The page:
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Monday, January 20, 2014

Don't Miss Home Tax Breaks

Published: January 10, 2013
Mortgage interest deduction
One of the neatest deductions itemizing home owners can take advantage of is the mortgage interest deduction, which you claim on Schedule A. To get the mortgage interest deduction, your mortgage must be secured by your home — and your home can even be a house trailer or boat, as long as you can sleep in it, cook in it, and it has a toilet. Interest you pay on a mortgage of up to $1 million — or $500,000 if you’re married filing separately — is deductible when you use the loan to buy, build, or improve your home. If you take on another mortgage (including a second mortgage, home equity loan, or home equity line of credit) to improve your home or to buy or build a second home, that counts towards the $1 million limit. If you use loans secured by your home for other things — like sending your kid to college — you can still deduct the interest on loans up $100,000 ($50,000 for married filing separately) because your home secures the loan.
PMI and FHA mortgage insurance premiums

Helpfully, the government extended the mortgage insurance premium deduction through 2013. You can deduct the cost of private mortgage insurance as mortgage interest on Schedule A — meaning you must itemize your return. The change only applies to loans taken out in 2007 or later. What’s PMI? If you have a mortgage but didn’t put down a fairly good-sized down payment (usually 20%), the lender requires the mortgage be insured. The premium on that insurance can be deducted, so long as your income is less than $100,000 (or $50,000 for married filing separately). If your adjusted gross income is more than $100,000, your deduction is reduced by 10% for each $1,000 ($500 in the case of a married individual filing a separate return) that your adjusted gross income exceeds $100,000 ($50,000 in the case of a married individual filing a separate return). So, if you make $110,000 or more, you lose 100% of this deduction (10% x 10 = 100%). Besides private mortgage insurance, there's government insurance from FHA, VA, and the Rural Housing Service. Some of those premiums are paid at closing and deducting them is complicated. A tax adviser or tax software program can help you calculate this deduction. Also, the rules vary between the agencies.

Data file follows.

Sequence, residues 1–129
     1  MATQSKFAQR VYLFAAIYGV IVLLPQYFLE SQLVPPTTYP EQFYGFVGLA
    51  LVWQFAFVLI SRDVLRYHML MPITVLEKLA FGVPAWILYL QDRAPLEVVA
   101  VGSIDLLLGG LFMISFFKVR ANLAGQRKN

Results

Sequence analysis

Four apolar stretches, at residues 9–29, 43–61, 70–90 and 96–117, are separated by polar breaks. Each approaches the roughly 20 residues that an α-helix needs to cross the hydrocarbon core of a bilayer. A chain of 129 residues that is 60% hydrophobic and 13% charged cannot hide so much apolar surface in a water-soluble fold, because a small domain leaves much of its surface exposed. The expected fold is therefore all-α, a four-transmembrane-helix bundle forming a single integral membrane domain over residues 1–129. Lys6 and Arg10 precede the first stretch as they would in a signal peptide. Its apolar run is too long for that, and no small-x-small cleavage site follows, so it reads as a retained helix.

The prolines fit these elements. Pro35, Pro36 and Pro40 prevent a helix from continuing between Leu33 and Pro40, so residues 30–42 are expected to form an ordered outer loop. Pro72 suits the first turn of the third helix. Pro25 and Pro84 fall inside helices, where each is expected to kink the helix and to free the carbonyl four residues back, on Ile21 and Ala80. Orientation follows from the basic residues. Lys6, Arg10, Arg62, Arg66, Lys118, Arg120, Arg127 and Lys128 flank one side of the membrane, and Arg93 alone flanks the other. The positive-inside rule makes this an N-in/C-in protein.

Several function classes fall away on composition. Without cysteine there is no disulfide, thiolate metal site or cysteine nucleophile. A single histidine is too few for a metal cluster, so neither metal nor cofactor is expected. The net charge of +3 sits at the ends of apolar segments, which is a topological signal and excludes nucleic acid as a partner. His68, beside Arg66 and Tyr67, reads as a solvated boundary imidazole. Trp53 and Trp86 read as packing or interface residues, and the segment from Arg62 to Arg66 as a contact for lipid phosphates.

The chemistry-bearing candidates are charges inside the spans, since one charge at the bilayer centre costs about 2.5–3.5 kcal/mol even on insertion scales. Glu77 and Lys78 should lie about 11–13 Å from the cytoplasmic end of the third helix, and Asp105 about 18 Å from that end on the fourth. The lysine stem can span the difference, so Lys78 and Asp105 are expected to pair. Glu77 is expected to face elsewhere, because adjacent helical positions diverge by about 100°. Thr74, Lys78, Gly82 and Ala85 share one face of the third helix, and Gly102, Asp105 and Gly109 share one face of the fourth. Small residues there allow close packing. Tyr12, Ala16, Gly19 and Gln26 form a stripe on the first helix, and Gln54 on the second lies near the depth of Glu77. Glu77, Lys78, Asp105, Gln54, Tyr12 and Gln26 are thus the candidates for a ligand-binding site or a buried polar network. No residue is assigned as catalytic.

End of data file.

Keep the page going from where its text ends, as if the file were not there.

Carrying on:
Prepaid interest deduction

Prepaid interest (or points) you paid when you took out your mortgage is 100% deductible in the year you paid them along with other mortgage interest.  If you refinance your mortgage and use that money for home improvements, any points you pay are also deductible in the same year. But if you refinance to get a better rate and term or to use the money for something other than home improvements, such as college tuition, you’ll need to deduct the points over the term of the loan. Say you refi for a 10-year term and pay $3,000 in points. You can deduct $300 per year for 10 years.  So what happens if you refi again down the road?

Example: Three years after your first refi, you refinance again. Using the $3,000 in points scenario above, you’ll have deducted $900 ($300 x 3 years) so far. That leaves $2,400, which you can deduct in full the year you complete your second refi. If you paid points for the new loan, the process starts